Gray disputes a notion, expressed in social media, that the hierarchy of the GSA has been silent or secretive since the fire.

READ MORE: Mackintosh expert on the potential rebuild

She said: "This fire has been a complex, unholy disaster from day one, just the amount of people it has affected.

"So there wasn't an instantaneous thing where we could stand in front of the cameras and say 'here's what's happening', because we don't know - we still don't know what the cause of the fire was, that's in the hands of the police and the fire service, and it happened to all of us, the whole community and Sauchiehall Street.

"For three months, to us, it appears we have been vocal, talking to everyone who matters, non-stop - we haven't done a 'it's all about us' big press thing, because we have really busy speaking to everybody, and using our influence to try and help other agencies, institutions, and residents.

"We've been madly busy, the staff and governors - no one has been taking holidays and working non-stop.

"We've not been silent - we have been talking constantly. But we know it is not all about us, we are part of it, we are acutely aware of the affect it has had on the Garnethill community."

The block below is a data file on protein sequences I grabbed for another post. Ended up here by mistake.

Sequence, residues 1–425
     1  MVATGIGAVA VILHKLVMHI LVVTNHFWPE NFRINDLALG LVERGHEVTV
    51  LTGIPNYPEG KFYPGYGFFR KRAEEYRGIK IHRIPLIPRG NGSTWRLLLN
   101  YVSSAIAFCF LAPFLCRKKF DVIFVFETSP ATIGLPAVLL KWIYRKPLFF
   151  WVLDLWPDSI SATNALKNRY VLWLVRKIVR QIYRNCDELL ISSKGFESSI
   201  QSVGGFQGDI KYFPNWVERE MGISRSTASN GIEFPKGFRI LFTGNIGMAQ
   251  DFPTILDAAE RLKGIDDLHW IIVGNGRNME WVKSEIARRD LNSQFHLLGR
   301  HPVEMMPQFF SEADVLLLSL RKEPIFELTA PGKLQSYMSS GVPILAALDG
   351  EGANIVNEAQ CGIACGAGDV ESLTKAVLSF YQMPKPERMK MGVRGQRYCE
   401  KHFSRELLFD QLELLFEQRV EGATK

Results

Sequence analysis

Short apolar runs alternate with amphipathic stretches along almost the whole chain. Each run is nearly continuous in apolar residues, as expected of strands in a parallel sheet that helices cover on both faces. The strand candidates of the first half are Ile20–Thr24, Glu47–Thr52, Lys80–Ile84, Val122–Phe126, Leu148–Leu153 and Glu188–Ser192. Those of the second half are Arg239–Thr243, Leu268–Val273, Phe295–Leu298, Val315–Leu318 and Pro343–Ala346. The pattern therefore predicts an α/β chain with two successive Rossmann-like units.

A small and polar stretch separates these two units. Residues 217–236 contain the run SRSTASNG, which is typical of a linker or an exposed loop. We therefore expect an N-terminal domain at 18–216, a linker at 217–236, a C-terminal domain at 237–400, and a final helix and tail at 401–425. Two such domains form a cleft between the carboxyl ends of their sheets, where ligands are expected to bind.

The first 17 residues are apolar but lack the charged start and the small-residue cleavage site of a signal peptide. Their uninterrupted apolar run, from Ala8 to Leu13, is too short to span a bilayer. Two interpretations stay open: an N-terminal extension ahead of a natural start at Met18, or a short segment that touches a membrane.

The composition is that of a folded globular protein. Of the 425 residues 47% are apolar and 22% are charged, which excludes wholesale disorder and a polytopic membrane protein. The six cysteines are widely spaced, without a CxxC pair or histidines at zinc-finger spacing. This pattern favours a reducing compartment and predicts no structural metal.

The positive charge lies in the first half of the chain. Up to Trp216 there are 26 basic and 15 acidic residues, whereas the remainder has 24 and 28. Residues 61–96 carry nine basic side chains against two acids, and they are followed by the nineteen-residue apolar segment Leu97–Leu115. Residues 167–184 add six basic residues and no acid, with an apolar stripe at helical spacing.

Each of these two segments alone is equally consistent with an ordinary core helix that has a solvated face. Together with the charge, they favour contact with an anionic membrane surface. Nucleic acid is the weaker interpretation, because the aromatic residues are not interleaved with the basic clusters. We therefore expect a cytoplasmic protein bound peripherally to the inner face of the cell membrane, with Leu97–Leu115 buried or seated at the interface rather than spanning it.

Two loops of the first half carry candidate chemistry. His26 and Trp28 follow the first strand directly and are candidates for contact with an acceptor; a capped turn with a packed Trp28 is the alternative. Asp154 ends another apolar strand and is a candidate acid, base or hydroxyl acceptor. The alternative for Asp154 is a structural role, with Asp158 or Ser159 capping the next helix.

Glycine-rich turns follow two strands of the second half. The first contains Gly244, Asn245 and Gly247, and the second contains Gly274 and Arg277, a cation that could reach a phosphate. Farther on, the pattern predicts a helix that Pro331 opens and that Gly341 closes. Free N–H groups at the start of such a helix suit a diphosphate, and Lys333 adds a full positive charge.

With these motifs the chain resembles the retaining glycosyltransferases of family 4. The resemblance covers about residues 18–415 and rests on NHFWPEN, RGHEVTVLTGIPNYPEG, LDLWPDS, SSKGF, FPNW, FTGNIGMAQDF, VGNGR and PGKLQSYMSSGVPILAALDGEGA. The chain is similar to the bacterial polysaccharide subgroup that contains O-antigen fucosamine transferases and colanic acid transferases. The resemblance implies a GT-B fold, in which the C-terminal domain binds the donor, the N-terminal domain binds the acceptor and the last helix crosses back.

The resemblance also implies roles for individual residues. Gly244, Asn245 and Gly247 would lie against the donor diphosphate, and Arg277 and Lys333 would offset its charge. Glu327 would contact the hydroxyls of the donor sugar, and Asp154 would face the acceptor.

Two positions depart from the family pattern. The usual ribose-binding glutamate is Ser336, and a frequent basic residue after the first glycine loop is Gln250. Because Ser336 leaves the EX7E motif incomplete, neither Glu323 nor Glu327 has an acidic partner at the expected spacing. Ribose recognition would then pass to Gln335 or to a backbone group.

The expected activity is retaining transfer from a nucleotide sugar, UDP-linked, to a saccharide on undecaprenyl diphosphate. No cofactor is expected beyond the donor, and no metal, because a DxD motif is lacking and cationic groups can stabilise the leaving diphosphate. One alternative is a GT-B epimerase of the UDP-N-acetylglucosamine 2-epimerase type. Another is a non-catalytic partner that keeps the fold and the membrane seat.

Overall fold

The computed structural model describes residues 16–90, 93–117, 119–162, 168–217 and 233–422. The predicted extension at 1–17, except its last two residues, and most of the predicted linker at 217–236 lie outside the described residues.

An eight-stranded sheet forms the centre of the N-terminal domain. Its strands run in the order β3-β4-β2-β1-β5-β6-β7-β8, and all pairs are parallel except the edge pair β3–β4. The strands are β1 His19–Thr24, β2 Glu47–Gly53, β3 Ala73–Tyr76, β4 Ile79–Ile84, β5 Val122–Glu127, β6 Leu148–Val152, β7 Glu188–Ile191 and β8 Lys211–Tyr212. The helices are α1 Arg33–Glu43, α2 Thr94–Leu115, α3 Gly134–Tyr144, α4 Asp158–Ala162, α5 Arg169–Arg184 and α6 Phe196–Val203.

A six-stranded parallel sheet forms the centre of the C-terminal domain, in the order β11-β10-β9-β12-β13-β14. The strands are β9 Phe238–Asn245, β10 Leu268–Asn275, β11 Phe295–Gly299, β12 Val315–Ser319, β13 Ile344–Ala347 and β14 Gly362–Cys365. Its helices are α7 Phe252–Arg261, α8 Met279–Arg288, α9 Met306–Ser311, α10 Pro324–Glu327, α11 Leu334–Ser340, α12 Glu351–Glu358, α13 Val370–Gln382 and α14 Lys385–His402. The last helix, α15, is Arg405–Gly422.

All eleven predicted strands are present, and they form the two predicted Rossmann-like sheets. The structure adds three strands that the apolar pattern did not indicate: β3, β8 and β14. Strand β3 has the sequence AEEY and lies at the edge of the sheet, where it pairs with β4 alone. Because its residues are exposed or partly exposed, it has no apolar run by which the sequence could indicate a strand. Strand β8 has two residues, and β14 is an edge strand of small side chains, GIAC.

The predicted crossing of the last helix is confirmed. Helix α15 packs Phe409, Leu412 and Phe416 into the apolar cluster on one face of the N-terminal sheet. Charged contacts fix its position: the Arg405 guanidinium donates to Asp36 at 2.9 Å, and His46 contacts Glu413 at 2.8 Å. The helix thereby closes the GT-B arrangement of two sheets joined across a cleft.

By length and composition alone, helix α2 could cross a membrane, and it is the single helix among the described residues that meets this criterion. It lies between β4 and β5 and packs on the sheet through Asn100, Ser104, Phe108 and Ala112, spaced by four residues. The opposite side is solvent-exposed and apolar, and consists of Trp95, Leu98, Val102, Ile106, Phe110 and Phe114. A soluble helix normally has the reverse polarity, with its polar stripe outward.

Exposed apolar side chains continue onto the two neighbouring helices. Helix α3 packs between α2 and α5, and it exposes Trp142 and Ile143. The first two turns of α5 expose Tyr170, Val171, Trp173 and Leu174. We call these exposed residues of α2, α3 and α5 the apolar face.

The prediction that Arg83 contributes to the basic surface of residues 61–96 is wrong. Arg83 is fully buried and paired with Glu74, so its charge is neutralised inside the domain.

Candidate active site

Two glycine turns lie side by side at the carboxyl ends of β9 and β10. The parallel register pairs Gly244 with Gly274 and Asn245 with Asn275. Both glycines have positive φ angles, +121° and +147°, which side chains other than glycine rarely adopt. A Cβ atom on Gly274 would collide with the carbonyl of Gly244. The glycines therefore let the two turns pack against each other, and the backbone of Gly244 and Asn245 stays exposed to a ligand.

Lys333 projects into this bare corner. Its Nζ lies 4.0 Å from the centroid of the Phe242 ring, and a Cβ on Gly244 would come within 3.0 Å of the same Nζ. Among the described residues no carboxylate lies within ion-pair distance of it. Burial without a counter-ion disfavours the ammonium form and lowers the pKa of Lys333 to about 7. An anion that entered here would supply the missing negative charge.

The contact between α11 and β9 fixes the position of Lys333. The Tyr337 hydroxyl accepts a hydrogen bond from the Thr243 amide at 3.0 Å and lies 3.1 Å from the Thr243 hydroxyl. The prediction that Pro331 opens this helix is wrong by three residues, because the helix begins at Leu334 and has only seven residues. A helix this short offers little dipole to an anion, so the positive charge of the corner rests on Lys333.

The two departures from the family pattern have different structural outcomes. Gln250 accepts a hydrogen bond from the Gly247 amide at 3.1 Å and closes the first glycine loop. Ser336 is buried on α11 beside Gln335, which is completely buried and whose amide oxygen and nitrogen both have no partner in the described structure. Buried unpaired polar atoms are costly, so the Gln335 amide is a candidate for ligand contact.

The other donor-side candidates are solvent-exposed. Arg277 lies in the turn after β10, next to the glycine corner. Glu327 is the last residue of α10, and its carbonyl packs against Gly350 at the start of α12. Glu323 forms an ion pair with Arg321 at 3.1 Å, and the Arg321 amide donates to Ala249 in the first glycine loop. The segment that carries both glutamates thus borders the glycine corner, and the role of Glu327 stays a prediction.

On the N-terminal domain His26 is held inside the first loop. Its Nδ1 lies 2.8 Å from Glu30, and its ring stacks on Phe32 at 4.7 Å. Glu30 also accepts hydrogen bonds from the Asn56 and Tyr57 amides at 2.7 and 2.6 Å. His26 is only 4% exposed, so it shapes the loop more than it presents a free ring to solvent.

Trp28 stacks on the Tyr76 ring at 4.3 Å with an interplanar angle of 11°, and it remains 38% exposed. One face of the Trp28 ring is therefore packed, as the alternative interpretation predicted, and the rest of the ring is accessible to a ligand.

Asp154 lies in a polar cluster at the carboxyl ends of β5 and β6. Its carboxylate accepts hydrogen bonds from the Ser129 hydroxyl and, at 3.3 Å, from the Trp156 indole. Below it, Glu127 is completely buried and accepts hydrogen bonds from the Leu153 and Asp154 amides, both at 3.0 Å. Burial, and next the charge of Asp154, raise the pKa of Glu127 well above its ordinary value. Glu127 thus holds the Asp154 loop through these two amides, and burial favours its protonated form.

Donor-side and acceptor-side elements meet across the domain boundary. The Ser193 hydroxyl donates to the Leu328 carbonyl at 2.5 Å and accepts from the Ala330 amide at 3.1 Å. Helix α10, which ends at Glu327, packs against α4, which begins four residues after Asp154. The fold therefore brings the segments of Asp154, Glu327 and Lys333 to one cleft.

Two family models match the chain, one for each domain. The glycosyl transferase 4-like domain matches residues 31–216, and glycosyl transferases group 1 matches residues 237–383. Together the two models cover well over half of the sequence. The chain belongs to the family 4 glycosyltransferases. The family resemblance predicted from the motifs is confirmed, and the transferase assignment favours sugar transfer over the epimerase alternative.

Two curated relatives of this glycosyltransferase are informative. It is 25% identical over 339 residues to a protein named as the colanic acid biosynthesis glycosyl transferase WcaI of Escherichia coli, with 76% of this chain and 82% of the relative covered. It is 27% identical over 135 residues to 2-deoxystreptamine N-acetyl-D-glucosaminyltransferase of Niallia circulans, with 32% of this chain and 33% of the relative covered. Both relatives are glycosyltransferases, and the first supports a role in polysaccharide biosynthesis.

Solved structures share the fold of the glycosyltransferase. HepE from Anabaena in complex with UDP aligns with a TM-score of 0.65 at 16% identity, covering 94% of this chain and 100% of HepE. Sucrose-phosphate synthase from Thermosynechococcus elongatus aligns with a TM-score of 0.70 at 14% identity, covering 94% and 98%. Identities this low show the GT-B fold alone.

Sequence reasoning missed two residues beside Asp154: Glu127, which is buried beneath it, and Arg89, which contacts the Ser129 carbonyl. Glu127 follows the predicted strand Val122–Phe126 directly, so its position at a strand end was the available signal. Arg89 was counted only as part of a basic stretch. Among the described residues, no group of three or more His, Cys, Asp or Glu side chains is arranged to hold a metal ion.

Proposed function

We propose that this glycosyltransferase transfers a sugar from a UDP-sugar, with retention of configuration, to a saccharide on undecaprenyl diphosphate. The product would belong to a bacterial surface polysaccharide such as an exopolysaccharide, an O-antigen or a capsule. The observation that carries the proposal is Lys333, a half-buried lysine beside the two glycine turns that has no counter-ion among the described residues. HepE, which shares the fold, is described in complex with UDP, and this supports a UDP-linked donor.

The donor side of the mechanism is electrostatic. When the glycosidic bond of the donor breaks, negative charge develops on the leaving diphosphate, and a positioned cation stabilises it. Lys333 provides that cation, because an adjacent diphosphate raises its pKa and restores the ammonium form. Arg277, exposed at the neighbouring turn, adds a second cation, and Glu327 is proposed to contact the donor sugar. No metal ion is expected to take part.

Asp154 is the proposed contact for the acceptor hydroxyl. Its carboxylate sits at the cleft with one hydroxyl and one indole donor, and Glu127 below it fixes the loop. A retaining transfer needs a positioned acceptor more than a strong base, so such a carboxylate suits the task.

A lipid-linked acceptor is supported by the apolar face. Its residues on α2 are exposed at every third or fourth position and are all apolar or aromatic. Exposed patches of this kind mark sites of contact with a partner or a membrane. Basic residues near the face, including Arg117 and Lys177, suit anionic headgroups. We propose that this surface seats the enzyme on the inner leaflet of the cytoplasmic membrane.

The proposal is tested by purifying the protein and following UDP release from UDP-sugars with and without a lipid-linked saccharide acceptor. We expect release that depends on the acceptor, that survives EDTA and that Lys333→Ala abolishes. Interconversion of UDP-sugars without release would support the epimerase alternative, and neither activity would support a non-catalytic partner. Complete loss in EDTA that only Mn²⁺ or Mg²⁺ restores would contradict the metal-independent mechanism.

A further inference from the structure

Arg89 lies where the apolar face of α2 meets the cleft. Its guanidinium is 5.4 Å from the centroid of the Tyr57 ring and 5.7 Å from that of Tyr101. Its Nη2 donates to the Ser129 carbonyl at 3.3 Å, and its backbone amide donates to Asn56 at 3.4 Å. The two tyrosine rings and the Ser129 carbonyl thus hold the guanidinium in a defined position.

Ms Gray said that the insurance coverage for the building is robust and "100% watertight."

She said that police have begun investigations into the fire, but there are no further insights into the blaze.

Further investigations cannot be done until investigators can analyse the ruins.

READ MORE: Residents finally allowed home after fire

It is understood the fire may have started in the roof.

She said: "We actually haven't a clue, and that is why the police are still involved: everyone is looking for answers, not least of all the insurers.

"They cannot do forensics until they can go on site, and that is in the hands of the city council.

"I am really impressed with the circumstantial evidenced they can put together before they get down among the bricks."

She added: "They had warned us that sometimes they just don't know what caused a fire - so far they have been interviewing and putting together the story, the timeline.

"I don't know, I don't know any more than anyone else does. I don't have a clue. Everyone is telling everyone as it unfolds: there are no secrets here.

"In immediate terms, it doesn't matter - right now I am interested in how we go forward."

READ MORE: Creative solutions needed for the CCA

More than 2,500 students resume or start their studies at the GSA this week.

There are places for students to learn and be taught across the city, Ms Gray said.

"In three months, our astonishing team have found decants for 2,500 students," she said.

"The most important thing for us is their morale.

"The biggest message we want to send out to them is: you are still at the most thrilling art school, watch how you cannot knock us down, this is the family you are part of - we are not drawing in like tortoises into our shell, we are not licking our wounds.

"Everytime something happens, whether it is a disaster or financial, funding cuts or Brexit, we will make it an opportunity."